Citycontinues to pursue quiet zones

Published on Thu, Apr 19, 2007 by Tara Nelson

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City continues to pursue quiet zones

By Tara Nelson

City officials are continuing to pursue a quiet zone designation for two railroad crossings in Blaine.

If approved by the city council, the designation would allow the city to install specialized electronic horns at railroad crossings at Bell and Hughes roads, so trains can avoid blowing their horns in those residential areas.

The federally-issued quiet zone designation was approved last year and allow cities to prevent trains from blowing their horns within a half-mile of a designated crossing if certain safety measurements such as flashing lights, gates and power-out indicators are in place.

Current federal law mandates trains traveling at 45 miles per hour have to sound their horn for 15 seconds before entering a crossing. The rule would also absolve train engineers from the liabilities stemming from a train-vehicle collision within an established quiet zone.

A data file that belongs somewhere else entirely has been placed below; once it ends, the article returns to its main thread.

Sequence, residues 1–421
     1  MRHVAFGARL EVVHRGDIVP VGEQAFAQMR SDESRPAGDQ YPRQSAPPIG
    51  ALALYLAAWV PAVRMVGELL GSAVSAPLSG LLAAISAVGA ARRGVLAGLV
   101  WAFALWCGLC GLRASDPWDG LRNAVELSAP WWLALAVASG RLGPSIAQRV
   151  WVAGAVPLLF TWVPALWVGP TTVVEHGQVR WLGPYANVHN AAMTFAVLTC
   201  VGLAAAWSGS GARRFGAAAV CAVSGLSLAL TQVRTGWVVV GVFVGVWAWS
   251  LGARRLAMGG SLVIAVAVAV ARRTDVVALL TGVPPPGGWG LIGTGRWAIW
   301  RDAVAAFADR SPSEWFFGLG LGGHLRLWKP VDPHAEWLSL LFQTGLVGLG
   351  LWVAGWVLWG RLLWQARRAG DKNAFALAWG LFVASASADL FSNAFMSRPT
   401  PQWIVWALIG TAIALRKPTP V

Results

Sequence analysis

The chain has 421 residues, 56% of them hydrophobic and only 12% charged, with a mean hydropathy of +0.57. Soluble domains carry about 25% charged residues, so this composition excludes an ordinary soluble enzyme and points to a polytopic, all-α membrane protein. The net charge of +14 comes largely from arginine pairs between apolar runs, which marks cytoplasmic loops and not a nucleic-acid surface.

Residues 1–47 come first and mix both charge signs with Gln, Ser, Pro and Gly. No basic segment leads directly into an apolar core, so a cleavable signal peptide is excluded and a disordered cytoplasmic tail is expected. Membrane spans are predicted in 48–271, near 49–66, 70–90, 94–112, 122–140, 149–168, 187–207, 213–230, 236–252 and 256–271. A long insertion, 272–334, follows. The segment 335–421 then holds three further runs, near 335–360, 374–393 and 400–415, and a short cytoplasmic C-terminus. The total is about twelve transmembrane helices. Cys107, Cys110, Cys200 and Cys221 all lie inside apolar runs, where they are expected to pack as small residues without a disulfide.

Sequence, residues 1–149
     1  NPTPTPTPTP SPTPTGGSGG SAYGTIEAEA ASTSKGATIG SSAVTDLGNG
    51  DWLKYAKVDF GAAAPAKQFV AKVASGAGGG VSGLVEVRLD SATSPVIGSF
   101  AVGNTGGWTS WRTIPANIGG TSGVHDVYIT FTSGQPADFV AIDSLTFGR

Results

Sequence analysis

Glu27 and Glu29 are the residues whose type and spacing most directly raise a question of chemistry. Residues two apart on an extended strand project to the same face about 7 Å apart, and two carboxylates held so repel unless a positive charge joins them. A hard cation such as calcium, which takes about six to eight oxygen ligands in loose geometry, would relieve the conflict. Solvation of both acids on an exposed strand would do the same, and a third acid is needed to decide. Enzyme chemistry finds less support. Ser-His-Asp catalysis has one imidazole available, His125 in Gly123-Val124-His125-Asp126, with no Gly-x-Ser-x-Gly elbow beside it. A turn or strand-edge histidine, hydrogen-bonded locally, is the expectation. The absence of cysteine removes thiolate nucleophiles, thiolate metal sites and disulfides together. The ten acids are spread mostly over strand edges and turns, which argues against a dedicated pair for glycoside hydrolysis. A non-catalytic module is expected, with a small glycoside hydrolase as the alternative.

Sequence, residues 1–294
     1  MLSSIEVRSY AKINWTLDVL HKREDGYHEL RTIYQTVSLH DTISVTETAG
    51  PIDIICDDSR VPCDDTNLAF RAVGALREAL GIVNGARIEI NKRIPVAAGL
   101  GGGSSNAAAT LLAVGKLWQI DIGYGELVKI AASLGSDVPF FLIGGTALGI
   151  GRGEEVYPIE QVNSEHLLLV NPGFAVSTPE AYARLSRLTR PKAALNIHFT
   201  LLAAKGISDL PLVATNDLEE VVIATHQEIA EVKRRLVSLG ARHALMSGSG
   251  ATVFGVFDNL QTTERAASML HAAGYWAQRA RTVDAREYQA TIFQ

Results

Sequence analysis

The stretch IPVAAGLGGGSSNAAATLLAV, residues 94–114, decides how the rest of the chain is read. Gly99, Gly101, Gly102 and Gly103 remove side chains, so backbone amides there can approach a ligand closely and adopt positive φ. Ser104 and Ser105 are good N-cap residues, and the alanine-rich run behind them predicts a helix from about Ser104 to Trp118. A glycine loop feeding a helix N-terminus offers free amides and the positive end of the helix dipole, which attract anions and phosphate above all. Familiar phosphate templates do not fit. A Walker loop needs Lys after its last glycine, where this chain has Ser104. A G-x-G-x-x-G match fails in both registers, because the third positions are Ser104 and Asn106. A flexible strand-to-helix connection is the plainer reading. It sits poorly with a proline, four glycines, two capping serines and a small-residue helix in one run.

In a regular meeting of Blaine city council last week, Blaine city manager Gary Tomsic told council members he met with state department of transportation officials and representatives from Railroad Crossing Limited, a Ft. Worth, Texas-based manufacturer, to test the wayside horn equipment, which directs a digital recording of a train horn toward traffic and away from neighboring homes.

“It’s amazing how effective those horns are at reducing the tone of the noise,” Tomsic said. “If you stand just 90 degrees of the horn you can hardly hear it.”

Tomsic said the next step will be to form a diagnostic team with representatives from the Federal Railroad Administration (FRA), the Department of Transportation and other agencies.

The equipment and installation would cost around $200,000, and be funded by a local improvement district (LID) in combination with the city’s LID guarantee fund. Tomsic, however, said he will have a better cost estimate in about 30 days.

“If the folks down in that neighborhood are interested enough, I think we can get it done,” he said. “If not, we all learned a lot about quiet zones and wayside horns.”

Tomsic said he plans to bring the proposal before city council for a public hearing within the next few months.